to see consecutive model runs over the next couple of days. For
this model cycle, the NAM has an intense low moving into SE MA
Friday. afternoon and evening, with heavy rains in parts of RI
and SE MA. The ECMWF is very similar with track and heavy rains
even a little farther north, but not until Friday night. The GGEM
is also on board with a low, albeit weaker, passing southeast of
Nantucket with light amounts. The GFS is farthest south, with just
a few hundredths of rain. However, the GEFS ensembles are farther
north than the operational GFS, more in line with the other
models.

That said, have forecast cloudy skies with showers and isolated
thunderstorms likely...both Friday and Friday night, except high
chance PoPs in northwesternmost areas. Highs only in the lower to
mid 80s.

Saturday and Sunday... Low pressure departs the coast Saturday
morning. A weak pressure pattern exists, with some lingering
moisture around. So, basic summer weather with partly cloudy
skies, highs in the 80s, and a low chance of a scattered mainly
afternoon and evening shower or thunderstorm.

Monday and Tuesday...Expecting high pressure to build over
northern New England, providing increasing sunshine. Just a slight
chance of a shower in northwest areas Monday and dry on Tuesday.
Highs Monday 80 to 85 with mid and upper 80s possible on Tuesday.

&&

.AVIATION /20Z TUESDAY THROUGH SUNDAY/...
Forecaster Confidence Levels.

Low - less than 30 percent.
Moderate - 30 to 60 percent.
High - greater than 60 percent.

Short Term /through Wednesday Night/...High confidence.

Rest of Today...
VFR. W/NW winds with gusts 15-20 knots. Sea-breeze hanging along
the immediate E shore of Essex and Plymouth County MA.

Tonight...
VFR. Low risk of MVFR-IFR cigs/vsbys with fog towards Wednesday
morning, mainly focused in the CT River Valley. Sea-breeze washes
out. VRB winds developing.

Wednesday...
VFR. VRB wind becoming onshore along the coastline towards late
morning. If any fog during the morning period, it will quickly
burn off.

Wednesday night...
VFR. VRB winds becoming S but remaining light towards morning. Low
risk of MVFR-IFR patchy fog developing, mainly focused again in
the CT River Valley and possibly along the S-coast of RI and MA.

KBOS TAF...W/NW winds diminishing as a sea-breeze washes out off-
shore. With VRB winds more likely Wednesday, expect a sea-breeze
to develop close to mid-morning (15z) with potential gusts up to
15 kts out of the E into midday and afternoon.

KBDL TAF...W/NW winds diminishing. VRB into Wednesday. VFR and SKC.

Outlook /Thursday through Sunday/...

Thursday...High confidence. VFR except MVFR cigs/vsby possible in
widely scattered showers and thunderstorms mainly in northwest and
north central MA.

Thursday night...Moderate confidence. VFR except areas of IFR in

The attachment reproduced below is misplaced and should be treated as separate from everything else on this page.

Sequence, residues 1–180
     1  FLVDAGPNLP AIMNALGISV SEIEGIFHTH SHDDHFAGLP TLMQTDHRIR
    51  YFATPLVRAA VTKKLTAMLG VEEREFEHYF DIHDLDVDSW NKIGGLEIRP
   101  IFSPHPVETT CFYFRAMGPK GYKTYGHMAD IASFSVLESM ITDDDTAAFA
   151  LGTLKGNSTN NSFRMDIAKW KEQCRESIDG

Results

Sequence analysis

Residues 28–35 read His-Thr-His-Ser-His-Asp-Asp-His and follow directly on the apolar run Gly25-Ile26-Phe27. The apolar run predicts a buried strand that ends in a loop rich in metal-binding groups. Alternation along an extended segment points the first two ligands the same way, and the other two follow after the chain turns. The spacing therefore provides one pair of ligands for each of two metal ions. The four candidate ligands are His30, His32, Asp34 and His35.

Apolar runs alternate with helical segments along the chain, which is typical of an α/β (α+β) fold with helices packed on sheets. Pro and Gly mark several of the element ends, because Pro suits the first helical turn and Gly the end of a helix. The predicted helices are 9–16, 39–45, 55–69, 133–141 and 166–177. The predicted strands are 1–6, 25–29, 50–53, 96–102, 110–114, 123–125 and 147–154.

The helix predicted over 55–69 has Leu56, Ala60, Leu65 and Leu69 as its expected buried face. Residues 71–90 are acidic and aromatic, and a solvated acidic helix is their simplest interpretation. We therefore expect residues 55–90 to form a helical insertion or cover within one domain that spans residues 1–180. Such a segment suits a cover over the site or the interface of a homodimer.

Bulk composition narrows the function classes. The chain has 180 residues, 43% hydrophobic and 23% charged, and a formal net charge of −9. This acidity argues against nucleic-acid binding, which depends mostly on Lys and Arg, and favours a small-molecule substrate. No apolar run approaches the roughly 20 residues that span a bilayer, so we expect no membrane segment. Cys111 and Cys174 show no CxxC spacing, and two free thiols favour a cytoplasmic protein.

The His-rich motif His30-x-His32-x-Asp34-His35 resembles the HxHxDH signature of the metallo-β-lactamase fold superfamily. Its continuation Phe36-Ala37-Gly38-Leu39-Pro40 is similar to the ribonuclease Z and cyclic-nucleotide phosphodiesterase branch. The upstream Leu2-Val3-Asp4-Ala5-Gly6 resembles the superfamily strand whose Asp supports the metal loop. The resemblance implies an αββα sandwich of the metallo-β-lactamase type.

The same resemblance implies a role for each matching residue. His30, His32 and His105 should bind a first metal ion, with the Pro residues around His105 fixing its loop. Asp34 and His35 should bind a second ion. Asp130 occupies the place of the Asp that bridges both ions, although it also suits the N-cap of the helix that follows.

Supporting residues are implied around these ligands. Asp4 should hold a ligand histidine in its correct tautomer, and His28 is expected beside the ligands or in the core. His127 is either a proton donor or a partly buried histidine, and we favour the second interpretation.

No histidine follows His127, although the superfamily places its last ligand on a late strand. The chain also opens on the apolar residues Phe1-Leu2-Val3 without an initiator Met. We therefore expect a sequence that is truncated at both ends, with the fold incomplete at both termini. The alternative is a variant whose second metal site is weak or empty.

patchy fog late at night especially south coast. Also, MVFR
possible in any scattered showers/thunderstorms.

Friday into early Saturday morning...Moderate confidence.. VFR
early Friday lowering to MVFR throughout the region by afternoon.
IFR possible in showers and thunderstorms. Locally heavy downpours
possible. Areas of fog.

Rest of Saturday and Sunday...Moderate Confidence. Mainly VFR,
except MVFR CIGS/VSBYS possible in scattered showers and
thunderstorms. Potential for local MVFR-IFR in patchy fog and low
CIGS Sat night.

&&

.MARINE...
Forecaster Confidence Levels.

Low - less than 30 percent.
Moderate - 30 to 60 percent.
High - greater than 60 percent.

Short Term /through Wednesday Night/...High confidence.

W/NW winds diminishing overnight. High pressure settling over the
waters which will make for good boating weather. Sea-breezes
developing along the shores around mid- morning Wednesday, so
watch out for some gusts out of the S/E around 15 kts. Low risk
for patchy fog along the S-coast of RI and MA towards Thursday
morning.

Outlook /Thursday through Sunday/...Moderate to High confidence.

Thursday and Thursday night...Winds and seas below small craft
criteria. Patchy late night/early morning fog with reduced
visibilities. Isolated showers/thunderstorms possible Thursday
night.

Friday-early Saturday...Southeast winds become northeast. Speeds
generally 10-20 kt, depending on strength of possible low
pressure approaching from the mid-Atlantic. Swells will build to 4
to 5 ft on the southern outer waters by Friday night into early
Saturday. Patchy fog. Reduced visibilities in showers and
thunderstorms.

Rest of Saturday and Sunday...Seas subsiding with northeast winds
becoming southeast...generally 10-15 kt or less.

&&

.FIRE WEATHER...
Drier conditions are expected to persist through Thursday across
S New England as much of the region is in drought with significant
year-to-date rainfall deficits.

An elevated fire weather potential is forecast as minimum relative
humidity values range from 30 to 40 percent. While overall winds
are anticipated light and variable, sea-breezes are expected to
develop around mid-morning into midday behind which S/E wind gusts
up around 15 mph are possible. Some moderation in relative humidity
is expected with marine-layer air coming ashore.

&&

.BOX WATCHES/WARNINGS/ADVISORIES...
CT...None.
MA...None.
RI...None.
MARINE...None.

&&

$$
SYNOPSIS...Sipprell/Field
NEAR TERM...Sipprell
SHORT TERM...Sipprell
LONG TERM...Field
AVIATION...Sipprell/Field
MARINE...Sipprell/Field
FIRE WEATHER...Sipprell